Ruble hits 2-year high against euro as Russia cuts rates and reverses debt


A customer hands Russian ruble banknotes and coins to a vendor at a market in Omsk, Russia October 29, 2021. REUTERS/File Photo

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  • The Russian ruble hits 73.50 against the euro, more than a 2-year high
  • The ruble hits a 6-month high of 70.3075 against the dollar
  • Central Bank of Russia cuts interest rates by 300 basis points to 14%
  • Treasury makes Eurobond payments in apparent reversal

April 29 (Reuters) – The Russian ruble rose to a more than two-year high against the euro on Friday, helped by capital controls as Russia appeared to make a last-ditch effort to avoid a default and the central bank slashed interest rates by 300 basis points to 14%.

The Treasury made what appeared to be a late about-face to avoid a default as it made a number of already overdue international debt payments in dollars, despite previously promising they would be paid in rubles only. Continue reading

The Bank of Russia earlier cut interest rates by 300 basis points for the second time this month, surprising analysts who had forecast a smaller cut as it tries to cope with a shrinking economy and rising inflation. Continue reading

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Movements in Russian markets are being hampered by the fact that the ruble is being bolstered by capital controls, while stocks are traded with a ban on short selling and foreign actors are prevented from dumping shares in Russian companies without permission.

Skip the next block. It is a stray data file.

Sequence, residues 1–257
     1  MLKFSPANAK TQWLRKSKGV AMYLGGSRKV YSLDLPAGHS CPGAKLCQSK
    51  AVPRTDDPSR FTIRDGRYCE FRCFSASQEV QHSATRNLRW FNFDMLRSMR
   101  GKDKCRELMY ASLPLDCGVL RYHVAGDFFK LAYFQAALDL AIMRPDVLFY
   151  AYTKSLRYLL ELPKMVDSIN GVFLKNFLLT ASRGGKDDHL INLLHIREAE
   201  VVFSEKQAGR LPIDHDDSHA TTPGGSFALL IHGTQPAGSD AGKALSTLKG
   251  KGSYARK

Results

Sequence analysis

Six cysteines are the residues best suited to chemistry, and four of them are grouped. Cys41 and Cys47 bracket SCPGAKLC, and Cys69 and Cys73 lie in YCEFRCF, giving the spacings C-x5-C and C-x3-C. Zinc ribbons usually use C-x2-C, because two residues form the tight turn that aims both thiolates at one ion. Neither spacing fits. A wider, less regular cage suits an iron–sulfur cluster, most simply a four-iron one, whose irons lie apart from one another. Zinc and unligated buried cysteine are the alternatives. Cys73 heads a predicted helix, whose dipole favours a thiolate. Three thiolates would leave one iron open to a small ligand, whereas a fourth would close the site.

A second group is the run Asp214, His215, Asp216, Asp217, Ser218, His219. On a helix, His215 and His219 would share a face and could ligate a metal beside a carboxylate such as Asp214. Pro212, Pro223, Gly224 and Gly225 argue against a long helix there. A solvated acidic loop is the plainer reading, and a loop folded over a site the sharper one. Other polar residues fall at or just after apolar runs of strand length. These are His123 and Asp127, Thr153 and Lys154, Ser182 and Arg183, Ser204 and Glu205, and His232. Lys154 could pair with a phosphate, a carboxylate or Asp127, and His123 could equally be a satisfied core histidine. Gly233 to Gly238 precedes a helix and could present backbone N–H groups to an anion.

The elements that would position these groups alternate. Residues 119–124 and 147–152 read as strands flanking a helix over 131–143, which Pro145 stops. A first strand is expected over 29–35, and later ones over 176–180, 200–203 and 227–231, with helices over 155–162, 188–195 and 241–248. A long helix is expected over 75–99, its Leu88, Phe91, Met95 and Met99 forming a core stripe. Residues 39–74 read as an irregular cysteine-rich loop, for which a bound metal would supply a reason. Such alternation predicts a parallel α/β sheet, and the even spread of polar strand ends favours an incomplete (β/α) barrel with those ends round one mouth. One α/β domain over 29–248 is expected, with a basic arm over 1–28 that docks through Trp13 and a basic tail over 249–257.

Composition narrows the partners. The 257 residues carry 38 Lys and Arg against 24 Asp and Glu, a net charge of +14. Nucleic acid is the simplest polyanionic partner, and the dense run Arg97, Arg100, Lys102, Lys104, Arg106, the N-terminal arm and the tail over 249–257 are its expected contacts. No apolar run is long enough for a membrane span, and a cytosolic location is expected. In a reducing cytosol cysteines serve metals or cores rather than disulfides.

Central bank deputy governor Alexei Zabotkin said Russia will gradually phase out capital controls as risks to financial stability subside.

By 1525 GMT, the ruble was up 1.2% against the euro to 74.47, having previously touched 73.50, its strongest since March 2020.

Against the dollar, it was up 1.9% at 70.74 after previously hitting a 6-month high of 70.3075. On the interbank market, the ruble hit a high of 67.7750.

Lower interest rates support the economy through cheaper lending, but they can also fuel inflation and make the ruble more vulnerable to external shocks.

Benchmark OFZ 10-year government bond yields fell to 10.10%.

The ruble has strengthened in recent days as export-oriented companies sold their foreign exchange earnings to pay off local debts that could top 3 trillion rubles ($43 billion) this month, according to analysts polled by Reuters.

Analysts at Sberbank CIB said exporters may scale back foreign exchange sales ahead of the long May holiday in Russia, a move that could halt the ruble’s recent bullish move.

The ruble has fully recovered to pre-February 24 levels, when Russia launched a so-called “military special operation” in Ukraine, which led to unprecedented Western sanctions, including a freeze on Russian reserves and efforts to limit access by Russian banks global financial system.

Russian stock indices were higher.

The dollar-denominated RTS index (.IRTS) rose 4.3% to 1,087.1 points. The ruble-based MOEX Russian Index (.IMOEX) rose 2.5% to 2,443.0 points.

Shares in VTB Bank (VTBR.MM) outperformed the broader market, rising 4.3% after daily Kommersant reported, citing sources, that the country’s second-largest lender could merge with state-controlled banks Otkritie and RNCB.

Promsvyazbank analysts said the move would likely improve VTB Group’s performance and the company’s share price, and allow banks to streamline their branch network.

($1 = 69.3488 rubles)

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Reporting by Reuters editorial board by Louise Heavens and Mark Potter

Our standards: The Thomson Reuters Trust Principles.


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